A recent theory about tuberculosis, which claimed that TB bacteria have the ability to turn into dormant, armour-plated spores, has been ruled out by a new study.
If true, the findings would promise new avenues of research in the worldwide fight against TB.
However, the new study by researchers at Loyola University Health System and other centers casts doubt on the TB spore theory.
Researchers were unable to detect spores in TB cultures and demonstrated that the TB bacterium doesn't even contain genes related to those needed to produce spores.
Researchers also failed to find any spores in frogs infected with TB bacteria, which would have been expected if TB bacteria produced spores in the course of infection.
The new findings could save TB researchers from pursuing strategies that likely would prove to be fruitless, said Loyola microbiologist Dr. Adam Driks, second author of the new study.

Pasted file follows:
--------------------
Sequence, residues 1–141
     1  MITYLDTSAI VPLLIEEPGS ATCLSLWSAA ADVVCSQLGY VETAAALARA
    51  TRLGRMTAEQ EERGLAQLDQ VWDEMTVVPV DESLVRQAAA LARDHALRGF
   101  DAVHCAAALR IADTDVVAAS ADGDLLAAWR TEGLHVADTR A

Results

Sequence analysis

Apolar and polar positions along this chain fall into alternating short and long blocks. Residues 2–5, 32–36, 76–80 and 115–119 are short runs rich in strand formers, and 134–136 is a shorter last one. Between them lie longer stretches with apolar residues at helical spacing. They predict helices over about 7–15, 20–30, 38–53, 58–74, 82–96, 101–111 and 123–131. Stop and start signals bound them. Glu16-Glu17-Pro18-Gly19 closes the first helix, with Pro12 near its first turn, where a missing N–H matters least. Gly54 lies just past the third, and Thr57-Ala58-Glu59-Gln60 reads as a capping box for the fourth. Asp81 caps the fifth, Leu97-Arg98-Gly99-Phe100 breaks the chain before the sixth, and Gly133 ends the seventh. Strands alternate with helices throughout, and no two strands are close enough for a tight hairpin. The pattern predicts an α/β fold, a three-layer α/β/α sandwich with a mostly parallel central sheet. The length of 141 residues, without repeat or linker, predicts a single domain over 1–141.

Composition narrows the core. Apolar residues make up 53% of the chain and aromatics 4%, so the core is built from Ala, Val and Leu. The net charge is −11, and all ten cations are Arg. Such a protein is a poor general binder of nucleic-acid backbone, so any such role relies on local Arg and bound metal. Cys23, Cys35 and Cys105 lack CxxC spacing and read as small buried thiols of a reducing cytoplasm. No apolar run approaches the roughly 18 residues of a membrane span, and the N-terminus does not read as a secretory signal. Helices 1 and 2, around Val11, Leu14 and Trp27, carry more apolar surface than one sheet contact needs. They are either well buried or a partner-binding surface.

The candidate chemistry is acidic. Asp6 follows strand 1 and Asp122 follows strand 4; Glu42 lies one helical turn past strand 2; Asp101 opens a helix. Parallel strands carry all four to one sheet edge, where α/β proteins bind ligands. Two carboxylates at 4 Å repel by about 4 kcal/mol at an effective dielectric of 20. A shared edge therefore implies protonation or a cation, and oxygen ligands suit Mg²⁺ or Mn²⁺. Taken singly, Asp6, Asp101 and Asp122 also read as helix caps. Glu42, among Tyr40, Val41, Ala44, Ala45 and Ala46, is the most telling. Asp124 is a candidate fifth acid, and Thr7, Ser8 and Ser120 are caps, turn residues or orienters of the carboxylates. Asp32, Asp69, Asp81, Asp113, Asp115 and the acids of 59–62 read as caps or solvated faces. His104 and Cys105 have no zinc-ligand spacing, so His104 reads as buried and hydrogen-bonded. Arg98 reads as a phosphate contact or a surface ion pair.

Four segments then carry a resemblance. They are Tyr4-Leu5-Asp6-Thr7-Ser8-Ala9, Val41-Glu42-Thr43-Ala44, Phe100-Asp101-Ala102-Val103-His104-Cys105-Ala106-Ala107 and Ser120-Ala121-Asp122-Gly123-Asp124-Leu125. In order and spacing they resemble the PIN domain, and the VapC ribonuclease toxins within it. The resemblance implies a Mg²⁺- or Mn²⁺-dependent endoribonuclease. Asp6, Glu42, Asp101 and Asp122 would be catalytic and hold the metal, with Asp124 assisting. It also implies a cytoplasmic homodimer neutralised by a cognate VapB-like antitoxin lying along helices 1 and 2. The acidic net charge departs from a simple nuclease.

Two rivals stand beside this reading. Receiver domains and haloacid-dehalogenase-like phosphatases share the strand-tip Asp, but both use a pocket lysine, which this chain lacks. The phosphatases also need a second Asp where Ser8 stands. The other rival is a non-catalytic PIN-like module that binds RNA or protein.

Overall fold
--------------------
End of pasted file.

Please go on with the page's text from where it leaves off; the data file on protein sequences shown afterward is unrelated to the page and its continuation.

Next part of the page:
"Our study illustrates the essential contributions that basic science makes to translational and clinical research. It can help ensure that efforts to improve therapeutics and treatment are focused in the most productive directions," said Driks.
Authors of the earlier study said their finding "might provide new tools to combat mycobacterial diseases such as tuberculosis by preventing the disease itself and/or its transmission by spores."
However, the new study casts doubts on this earlier finding. For example, the Swedish researchers reported that spore-related genes are present in the TB bacterium genome.
But the new study argues that the TB bacterium lacks the genes known to be needed for spore formation.
In the earlier study, researchers reported finding endospores in a culture of TB cells.
In the new study, researchers tried to replicate that experiment, but found no endospores in their culture of TB cells.
Driks said it appears that the endospores found in the earlier experiment might be the result of inadvertent contamination by other bacteria.
The results are published in the Proceedings of the National Academy of Sciences (PNAS).